Table of contents

  1. Introduction
  2. Flow
  3. JW identity token
  4. Request for an access token
  5. Validation of identity token
  6. Configuration
  7. Examples


The general requirement of the OSDM standard to use OAuth2 for authentication and authorization by means of JW tokens (JWTs) should be implemented in the following consistent manner between backends.

The following RFC documents apply:

  1. RFC-7519 which explains what a JWT token is;
  2. RFC-6749$3.2 which defines OAuth2 and the token endpoint involved in the creation of tokens;
  3. RFC-7521 laying the groundwork for cryptographic client assertions;
  4. RFC-7523 which describes how to properly secure the token endpoint with modern cryptography, thus not relying on static secrets;
  5. RFC-8725 which gives guidance on securely validating and using JWTs.

This section defines the exact flow to be used. It also defines the parameters used, which must be agreed and exchanged bilaterally between the parties involved.

This flow uses a client authentication assertion in the form of a JW identity token (private_key_jwt in terms of OpenID Connect (OIDC)), which is cryptographically signed by the client (OSDM consumer) and can be verified by the server (OSDM provider).

The OSDM provider then issues a JW access token which can in turn be used by the OSDM consumer to prove their access rights to the OSDM endpoints by providing the JW access token in the Authenticate header of the OSDM endpoint invocation.

This method makes it unnecessary to exchange actual client secrets between the consumers and providers of the service and relies on asymmetric cryptography, i.e., the use of private/public keys for signing such requests.


The general flow between consumer and provider looks like this:


In this flow, the following services are defined:

  • The OSDM Consumer is the engine trying to issue OSDM “functional” calls, e.g., do a POST /offers
  • The OSDM Provider Login Service is the service which controls the authentication of the OSDM Consumer by issuing JW access tokens
  • The OSDM Provider Functional Endpoints implement the actual business logic of the OSDM Provider. Calls to these endpoints need to be authorized by providing the appropriate JW access tokens.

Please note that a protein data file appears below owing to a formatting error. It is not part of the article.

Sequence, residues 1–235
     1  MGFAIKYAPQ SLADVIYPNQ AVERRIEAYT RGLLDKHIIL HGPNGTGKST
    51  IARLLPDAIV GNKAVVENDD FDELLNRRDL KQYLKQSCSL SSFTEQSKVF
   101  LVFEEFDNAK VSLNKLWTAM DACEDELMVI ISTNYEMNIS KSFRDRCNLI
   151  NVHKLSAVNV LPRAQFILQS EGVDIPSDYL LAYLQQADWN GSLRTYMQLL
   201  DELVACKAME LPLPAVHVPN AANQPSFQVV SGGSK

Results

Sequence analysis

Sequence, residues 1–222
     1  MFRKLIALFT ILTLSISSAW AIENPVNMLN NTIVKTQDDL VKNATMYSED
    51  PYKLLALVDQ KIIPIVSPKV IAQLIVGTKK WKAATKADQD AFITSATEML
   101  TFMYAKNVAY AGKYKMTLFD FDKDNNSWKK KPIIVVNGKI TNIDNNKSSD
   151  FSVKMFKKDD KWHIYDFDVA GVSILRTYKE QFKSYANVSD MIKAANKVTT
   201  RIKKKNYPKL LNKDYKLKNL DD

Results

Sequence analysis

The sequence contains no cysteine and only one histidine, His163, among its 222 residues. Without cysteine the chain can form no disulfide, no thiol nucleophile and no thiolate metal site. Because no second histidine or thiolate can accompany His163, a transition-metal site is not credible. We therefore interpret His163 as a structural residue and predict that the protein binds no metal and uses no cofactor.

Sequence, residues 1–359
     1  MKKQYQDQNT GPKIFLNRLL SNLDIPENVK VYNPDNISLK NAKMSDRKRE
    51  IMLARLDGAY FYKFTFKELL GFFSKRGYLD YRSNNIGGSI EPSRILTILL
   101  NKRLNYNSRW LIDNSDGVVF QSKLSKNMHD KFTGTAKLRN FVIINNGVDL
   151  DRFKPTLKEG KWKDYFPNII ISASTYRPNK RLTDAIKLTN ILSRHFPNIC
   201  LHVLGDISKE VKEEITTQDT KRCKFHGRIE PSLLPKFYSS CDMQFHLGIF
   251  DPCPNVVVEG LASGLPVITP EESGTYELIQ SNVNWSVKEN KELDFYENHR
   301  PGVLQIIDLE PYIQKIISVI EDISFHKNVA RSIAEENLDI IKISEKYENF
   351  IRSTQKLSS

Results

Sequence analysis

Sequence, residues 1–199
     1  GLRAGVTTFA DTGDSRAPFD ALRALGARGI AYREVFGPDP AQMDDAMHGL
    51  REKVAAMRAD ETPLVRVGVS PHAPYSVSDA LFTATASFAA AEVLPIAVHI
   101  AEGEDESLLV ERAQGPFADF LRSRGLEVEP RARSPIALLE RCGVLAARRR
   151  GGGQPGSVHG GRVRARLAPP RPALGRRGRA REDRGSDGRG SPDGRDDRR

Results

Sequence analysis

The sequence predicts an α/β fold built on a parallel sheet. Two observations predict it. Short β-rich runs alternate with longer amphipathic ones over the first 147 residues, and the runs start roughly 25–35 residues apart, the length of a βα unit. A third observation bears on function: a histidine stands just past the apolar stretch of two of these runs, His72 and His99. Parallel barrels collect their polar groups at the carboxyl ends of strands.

JW identity token

A JW token (JWT) consists of three parts which are separated by dots (“.”):

  • The JWT header
  • The JWT payload
  • The JWT signature

Each part is separately encoded using Base64URL encoding. The encoded header and payload fields together are signed using the agreed-upon algorithm (which is also specified within the header), then the signature is added to the end of the token. Thus a complete JW token has the form <JWT Header>.<JWT Payload>.<Signature>, where each part is separately Base64Url encoded.

Header and Payload of the JW token are encoded as JSON structures. Their content is defined in the following sections.

JW identity token header

The identity token contains the following header fields. Where some fields are optional according to the relevant RFC, we still consider them mandatory for the purposes of usage within the OSDM standard.

Attribute RFC requirement OSDM requirement Description Recommended value
alg REQUIRED MANDATORY Algorithm used for signing this token to be agreed between parties, use at least RS256
kid OPTIONAL MANDATORY Id of the key used for signing this token defined by OSDM consumer. Should be provided to the OSDM provider.
typ REQUIRED MANDATORY Type of the token fixed value “JWT”

JW identity token payload

Attribute RFC requirement OSDM requirement Description Recommended value
iss REQUIRED MANDATORY Issuer of the identity token defined by the OSDM consumer, use the URL of the public website.
sub REQUIRED MANDATORY “Username” of the client defined by the OSDM provider
aud REQUIRED MANDATORY URL login service endpoint defined by the OSDM provider
exp REQUIRED MANDATORY Timestamp when this request expires current time + grace period of at least 2 minutes (120 seconds)
scope OPTIONAL MANDATORY Usage of the token fixed value “uic_osdm”
nbf OPTIONAL OPTIONAL Timestamp when request begins to be valid current time - grace period of at least 2 minutes (120 seconds)
iat OPTIONAL OPTIONAL Timestamp of the creation of the token current time
jti OPTIONAL MANDATORY Unique ID of the token to prevent replays newly generated UUID

Note: All timestamps are in “Unix epoch”, which is defined as the number of seconds since 1st January, 1970 UTC.